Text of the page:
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1,914]                  ON  THE STABILITY  OF VISCOUS  FLUID  MOTION                     275
where S1} S2 are any two independent solutions of (18), and the integrations are extended over the interval between the walls. An equivalent equation was given a little later (1908) independently by Sommerfeld*.
Stability requires that for no value of k shall any of the q'a determined by (20) be negative. In his discussion Or arrives at the conclusion that this condition is satisfied, though he does not claim that his method is rigorous. Another of Orr's results may be mentioned here. He shows that p + kfiy necessarily changes sign in the interval between the walls.
The stability problem has further been skilfully treated by v. Misesf and by Hopf J, the latter of whom worked at the suggestion of Sommerfeld, with the. result of confirming the conclusions of Kelvin and Orr. Doubtless the, reasoning employed was sufficient for the writers themselves, but the statements of it put forward hardly carry conviction to the mere reader. The problem is indeed one of no ordinary difficulty. It may, however, be simplified in one respect, as has been shown by v. Mises. It suffices to prove that q can never be zero, inasmuch as it is certain that in some cases (# = 0) q is positive.
In this direction it may be possible to go further. When /3 = 0, it is easy to show that not merely q, but q — h*v, is positive§. According to Hopf, this is true generally. Hence it should suffice to omit 7c2 — qjv in (18), and then to prove that the ^-solutions obtained from the equation so simplified cannot satisfy (20). The functions Sj, and $2J satisfying the simplified equation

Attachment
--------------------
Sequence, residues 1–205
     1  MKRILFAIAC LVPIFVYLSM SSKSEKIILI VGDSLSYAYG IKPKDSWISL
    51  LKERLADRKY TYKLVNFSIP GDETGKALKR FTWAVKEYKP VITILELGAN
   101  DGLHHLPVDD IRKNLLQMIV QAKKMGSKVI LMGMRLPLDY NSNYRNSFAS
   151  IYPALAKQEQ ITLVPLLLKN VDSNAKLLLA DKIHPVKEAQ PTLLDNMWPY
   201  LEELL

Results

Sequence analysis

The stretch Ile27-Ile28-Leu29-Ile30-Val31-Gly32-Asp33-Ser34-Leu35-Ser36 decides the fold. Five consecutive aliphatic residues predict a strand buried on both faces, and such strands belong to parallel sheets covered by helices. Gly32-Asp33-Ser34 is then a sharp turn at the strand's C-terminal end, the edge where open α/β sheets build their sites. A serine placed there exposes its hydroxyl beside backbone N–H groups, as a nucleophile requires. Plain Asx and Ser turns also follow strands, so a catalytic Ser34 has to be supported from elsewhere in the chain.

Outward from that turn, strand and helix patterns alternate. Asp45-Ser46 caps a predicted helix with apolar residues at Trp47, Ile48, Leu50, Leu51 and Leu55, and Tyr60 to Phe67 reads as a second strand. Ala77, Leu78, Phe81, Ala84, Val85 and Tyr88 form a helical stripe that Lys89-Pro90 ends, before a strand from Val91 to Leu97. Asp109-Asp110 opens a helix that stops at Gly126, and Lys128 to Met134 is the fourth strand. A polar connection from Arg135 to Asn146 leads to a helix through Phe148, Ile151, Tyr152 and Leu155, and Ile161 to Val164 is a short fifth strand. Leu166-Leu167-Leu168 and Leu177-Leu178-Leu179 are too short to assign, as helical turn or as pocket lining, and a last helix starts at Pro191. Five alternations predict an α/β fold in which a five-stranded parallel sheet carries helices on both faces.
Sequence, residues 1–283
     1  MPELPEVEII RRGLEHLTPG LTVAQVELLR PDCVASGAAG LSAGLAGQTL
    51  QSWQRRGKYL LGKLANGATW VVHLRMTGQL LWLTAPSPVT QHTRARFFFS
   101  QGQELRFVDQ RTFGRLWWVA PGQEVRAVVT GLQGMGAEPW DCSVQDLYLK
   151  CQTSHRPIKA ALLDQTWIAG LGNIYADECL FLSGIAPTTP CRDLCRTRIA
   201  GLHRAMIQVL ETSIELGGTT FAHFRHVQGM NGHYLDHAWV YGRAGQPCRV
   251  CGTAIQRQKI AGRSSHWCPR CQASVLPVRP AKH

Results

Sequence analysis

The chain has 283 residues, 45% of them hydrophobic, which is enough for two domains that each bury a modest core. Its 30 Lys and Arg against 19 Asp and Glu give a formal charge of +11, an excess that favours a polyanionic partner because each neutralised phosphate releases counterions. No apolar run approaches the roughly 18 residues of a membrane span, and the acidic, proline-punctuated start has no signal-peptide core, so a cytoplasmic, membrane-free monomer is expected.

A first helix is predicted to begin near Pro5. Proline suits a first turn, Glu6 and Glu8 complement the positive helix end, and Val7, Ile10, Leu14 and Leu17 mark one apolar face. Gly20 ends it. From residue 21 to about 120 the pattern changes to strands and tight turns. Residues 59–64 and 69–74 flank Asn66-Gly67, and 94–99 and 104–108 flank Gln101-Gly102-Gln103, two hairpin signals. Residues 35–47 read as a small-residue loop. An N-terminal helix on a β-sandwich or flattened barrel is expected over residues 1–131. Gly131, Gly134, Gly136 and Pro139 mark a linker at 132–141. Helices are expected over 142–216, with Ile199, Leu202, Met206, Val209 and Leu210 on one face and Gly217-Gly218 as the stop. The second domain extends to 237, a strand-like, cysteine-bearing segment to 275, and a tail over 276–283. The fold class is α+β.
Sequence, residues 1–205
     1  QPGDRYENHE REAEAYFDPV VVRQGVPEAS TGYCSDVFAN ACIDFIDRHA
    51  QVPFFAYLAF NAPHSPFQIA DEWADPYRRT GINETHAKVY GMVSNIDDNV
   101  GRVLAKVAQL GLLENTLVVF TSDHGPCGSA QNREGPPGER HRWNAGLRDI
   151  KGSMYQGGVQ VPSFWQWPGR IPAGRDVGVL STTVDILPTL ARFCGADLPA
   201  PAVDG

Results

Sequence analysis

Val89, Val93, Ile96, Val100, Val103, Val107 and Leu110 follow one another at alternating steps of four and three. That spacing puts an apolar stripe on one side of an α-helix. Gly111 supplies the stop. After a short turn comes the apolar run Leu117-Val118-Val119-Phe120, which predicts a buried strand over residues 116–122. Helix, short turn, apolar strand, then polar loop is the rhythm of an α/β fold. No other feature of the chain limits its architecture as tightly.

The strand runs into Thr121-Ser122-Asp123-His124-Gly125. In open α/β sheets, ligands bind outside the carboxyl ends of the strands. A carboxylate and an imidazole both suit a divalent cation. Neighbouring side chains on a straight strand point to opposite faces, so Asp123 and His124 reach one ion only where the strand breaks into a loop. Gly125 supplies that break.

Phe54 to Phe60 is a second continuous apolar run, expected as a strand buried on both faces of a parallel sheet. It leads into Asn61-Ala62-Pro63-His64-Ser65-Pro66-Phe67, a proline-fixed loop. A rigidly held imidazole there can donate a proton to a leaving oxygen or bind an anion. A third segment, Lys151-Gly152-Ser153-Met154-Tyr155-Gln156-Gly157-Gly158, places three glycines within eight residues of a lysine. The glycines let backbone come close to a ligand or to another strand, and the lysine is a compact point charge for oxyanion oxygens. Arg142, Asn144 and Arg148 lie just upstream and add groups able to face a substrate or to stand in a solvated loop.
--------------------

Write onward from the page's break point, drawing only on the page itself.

where 77 is realt being a linear function of y with real coefficients, could be completely tabulated by the combined use of ascending and descending aories, aa explained by Stokes in his paper of 1857 1|. At the walls rj takes opposite signs.
Although a simpler demonstration is desirable, there can remain (I suppose) little doubt but that the shearing motion is stable for infinitesimal disturbances. It has not yet been proved theoretically that the stability can fail for finite disturbances on the supposition of perfectly smooth walls ; but such failure seems probable. We know from the work of Keynolds, Lorentz, and Orr that no failure of stability can occur unless @D*jv > 177, where D is the distance between, the walls, so that j3D represents their relative motion.
* Atti del IV. Gongr. -intern, dei Math. Eoraa (1909).
I Festschrift H. Weber, Leipzig (1912), p. 252; Jahresber. d. Deutschen Math. Ver. Bd. xxi. p. 241 (1918). The mathematics has a very wide scope.
$ Ann. der Physik, Bd. XLIV. p. 1 (1914).
§ Phil. Mag. Vol. xxxiv. p. 69 (1892) ; Scientific Papers, Vol. m. p. 583.
|| Camb. Phil. Tram. Vol. x. p. 106 ; Math, and Phys. Papers, Vol. iv. p. 77. This appears to have long preceded the work of Hankel. I may perhaps pursue the line of inquiry here